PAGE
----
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Wednesday, January 28, 2004 - Page updated at 12:00 A.M.
Stillaguamish Tribe puts land in trust as buffer to casino
By Emily Heffter
ARLINGTON The Stillaguamish Tribe is converting almost 10 acres adjacent to its casino site into tribal trust land.
If the federal government agrees, the tribe could develop the land, which is in a rural area north of Arlington, into a parking lot, retail shops or something else to go along with the 22,000-square-foot casino the tribe plans to start building next month.
Stillaguamish Executive Director Eddie Goodridge Jr. said the tribe plans to use the 10 acres as a buffer.
Having 10 acres of forested property between the casino and its neighbors could help quell residents' complaints about noise and lights next fall, when the tribe's casino is expected to open, Goodridge said.
Snohomish County has written to the federal Bureau of Indian Affairs to oppose converting the land into trust, which is property that is owned by the tribe but maintained by the federal government. Trust land is exempt from local land-use regulations.
County Executive Aaron Reardon opposes the Stillaguamish plan.
"We're certainly opposed to the site because it's rural, and I think if we had our druthers, we'd just as soon see nonproliferation of gambling," said his spokesman, Mark Funk.
The Stillaguamish Tribe is making its second attempt to build a casino on 20 rural acres north of Arlington. The tribe has the same opponents it had last year the county government and area residents but since securing a $19 million loan last week, the tribe's plan appears to be unfolding without a hitch.
Goodridge said he expects construction to start in two to three weeks.
The tribe's new financier, Minneapolis-based Marshall Bank, like other federally regulated banks and lending institutions, is exempt from state background checks. Marshall Bank has funded other casinos in the state without problems, said Neil Nunamaker, the agent in charge of licensing investors at the state Gambling Commission.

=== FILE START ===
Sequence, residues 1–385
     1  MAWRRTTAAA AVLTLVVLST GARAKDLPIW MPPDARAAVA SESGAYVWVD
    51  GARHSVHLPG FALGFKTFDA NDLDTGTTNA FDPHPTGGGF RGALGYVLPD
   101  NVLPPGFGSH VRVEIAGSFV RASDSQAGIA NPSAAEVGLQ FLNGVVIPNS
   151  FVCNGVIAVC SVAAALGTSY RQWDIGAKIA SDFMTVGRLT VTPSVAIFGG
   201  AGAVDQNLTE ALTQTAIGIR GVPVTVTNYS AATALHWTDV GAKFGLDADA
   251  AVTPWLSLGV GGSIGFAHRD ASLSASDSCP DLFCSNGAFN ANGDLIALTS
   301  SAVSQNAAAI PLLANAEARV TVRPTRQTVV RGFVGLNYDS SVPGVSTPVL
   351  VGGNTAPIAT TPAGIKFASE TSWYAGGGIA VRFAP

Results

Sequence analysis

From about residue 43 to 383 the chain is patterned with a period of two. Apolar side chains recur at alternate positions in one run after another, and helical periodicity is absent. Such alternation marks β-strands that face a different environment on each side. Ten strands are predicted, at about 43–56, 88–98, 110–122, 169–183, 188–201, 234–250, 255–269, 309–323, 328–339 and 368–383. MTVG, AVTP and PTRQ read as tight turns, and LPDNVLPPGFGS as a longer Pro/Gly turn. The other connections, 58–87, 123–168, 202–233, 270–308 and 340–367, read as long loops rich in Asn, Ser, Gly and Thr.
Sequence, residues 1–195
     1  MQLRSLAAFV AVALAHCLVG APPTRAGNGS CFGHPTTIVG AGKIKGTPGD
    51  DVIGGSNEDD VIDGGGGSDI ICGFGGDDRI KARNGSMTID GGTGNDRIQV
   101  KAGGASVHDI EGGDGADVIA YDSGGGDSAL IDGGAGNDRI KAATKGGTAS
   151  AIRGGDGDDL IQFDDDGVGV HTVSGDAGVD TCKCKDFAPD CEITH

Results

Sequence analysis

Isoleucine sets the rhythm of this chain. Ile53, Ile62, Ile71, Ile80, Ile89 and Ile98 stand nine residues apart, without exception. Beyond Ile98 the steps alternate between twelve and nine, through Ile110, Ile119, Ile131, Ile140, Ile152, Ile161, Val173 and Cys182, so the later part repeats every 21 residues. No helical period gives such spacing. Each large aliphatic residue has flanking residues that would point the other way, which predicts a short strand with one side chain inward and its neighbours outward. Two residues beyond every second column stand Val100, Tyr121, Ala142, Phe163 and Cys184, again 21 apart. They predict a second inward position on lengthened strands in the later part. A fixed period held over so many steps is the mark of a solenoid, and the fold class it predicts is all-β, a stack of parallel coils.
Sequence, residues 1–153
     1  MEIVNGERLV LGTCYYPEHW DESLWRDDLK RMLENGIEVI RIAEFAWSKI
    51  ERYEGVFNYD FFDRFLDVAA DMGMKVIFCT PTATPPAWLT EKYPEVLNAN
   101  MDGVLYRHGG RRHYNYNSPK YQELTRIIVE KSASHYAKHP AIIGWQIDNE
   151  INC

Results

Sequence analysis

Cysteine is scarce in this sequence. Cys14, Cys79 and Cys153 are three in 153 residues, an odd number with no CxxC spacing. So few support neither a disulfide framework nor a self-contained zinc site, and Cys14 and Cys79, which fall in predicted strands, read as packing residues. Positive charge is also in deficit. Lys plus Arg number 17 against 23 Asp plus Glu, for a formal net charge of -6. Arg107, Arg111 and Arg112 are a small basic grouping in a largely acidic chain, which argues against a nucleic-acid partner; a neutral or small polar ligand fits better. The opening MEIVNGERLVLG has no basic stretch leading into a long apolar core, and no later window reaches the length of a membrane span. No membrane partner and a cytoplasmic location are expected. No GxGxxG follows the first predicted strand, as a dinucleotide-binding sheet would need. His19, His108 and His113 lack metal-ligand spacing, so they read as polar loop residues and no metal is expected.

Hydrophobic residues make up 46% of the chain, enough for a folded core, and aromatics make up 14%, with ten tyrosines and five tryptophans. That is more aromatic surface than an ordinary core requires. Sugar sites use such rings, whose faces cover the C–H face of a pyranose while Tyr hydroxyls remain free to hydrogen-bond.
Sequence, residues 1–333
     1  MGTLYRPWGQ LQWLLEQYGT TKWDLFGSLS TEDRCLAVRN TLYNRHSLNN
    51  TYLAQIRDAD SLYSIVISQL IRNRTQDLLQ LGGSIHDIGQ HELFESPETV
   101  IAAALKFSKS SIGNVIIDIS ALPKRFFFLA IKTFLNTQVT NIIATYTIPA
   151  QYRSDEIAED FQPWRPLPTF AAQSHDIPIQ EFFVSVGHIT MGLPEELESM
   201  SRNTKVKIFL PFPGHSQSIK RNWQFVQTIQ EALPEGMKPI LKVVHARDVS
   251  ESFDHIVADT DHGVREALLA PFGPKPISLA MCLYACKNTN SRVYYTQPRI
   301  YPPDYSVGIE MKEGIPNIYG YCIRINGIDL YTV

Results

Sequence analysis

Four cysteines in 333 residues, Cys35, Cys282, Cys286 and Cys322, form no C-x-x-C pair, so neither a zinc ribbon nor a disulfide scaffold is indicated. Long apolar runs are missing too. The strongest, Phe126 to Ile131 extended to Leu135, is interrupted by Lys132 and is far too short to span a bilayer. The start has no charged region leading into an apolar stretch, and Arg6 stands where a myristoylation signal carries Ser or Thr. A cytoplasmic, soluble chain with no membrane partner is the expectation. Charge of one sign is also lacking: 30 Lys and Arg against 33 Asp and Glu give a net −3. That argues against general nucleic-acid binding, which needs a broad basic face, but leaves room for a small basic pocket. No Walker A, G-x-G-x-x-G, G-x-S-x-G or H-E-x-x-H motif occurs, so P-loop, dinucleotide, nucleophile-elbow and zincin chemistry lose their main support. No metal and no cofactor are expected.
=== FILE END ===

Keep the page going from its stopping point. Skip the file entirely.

"It's a large financial company, and you come to them to find people who will lend you money," Nunamaker said.
Even if Marshall Bank parcels out the loan to several other banks, they don't have to submit to background checks as long as the source of the money is federally regulated, Nunamaker said. That means the Stillaguamish could start building right away.
The tribe's previous lender, Arlington Gaming of Michigan, backed out last spring after declining to submit to state-imposed criminal background checks, which were required before the Washington Gambling Commission would license Arlington Gaming to lend money.
Before backing out, Arlington Gaming had lent the tribe about $8 million to buy out 28 homeowners who lived in housing on the property and to prepare the land for construction.
The tribe still has to repay Arlington Gaming; Goodridge said he expects to make enough in the casino's first year of operation to pay off the debt with profit to spare.
A group of tribal members who organized to fight the casino doesn't plan to try to stop it, tribal member Patrice Martin said.
A previous attempt to oust Goodridge from tribal government was thwarted when the tribe started charging a $250 filing fee for petitions, Martin said. She hasn't been able to raise the money.
Goodridge said petitions are expensive for the tribe to process, and he believes a lack of support, not a fee, stopped the effort to get rid of him.
Goodridge considers the casino the catalyst to propel the tribe toward self-sufficiency. The small tribe depends heavily on government grants to survive.
A community group that formed in an attempt to stop the casino has essentially given up, group spokesman Ken Childress said. Short of spending a lot of money on lawyers, the group found it didn't have many options, Childress said.
"At this point, I don't know what we can do but continue to raise objections," he said.
Emily Heffter: 425-783-0624 or firstname.lastname@example.org
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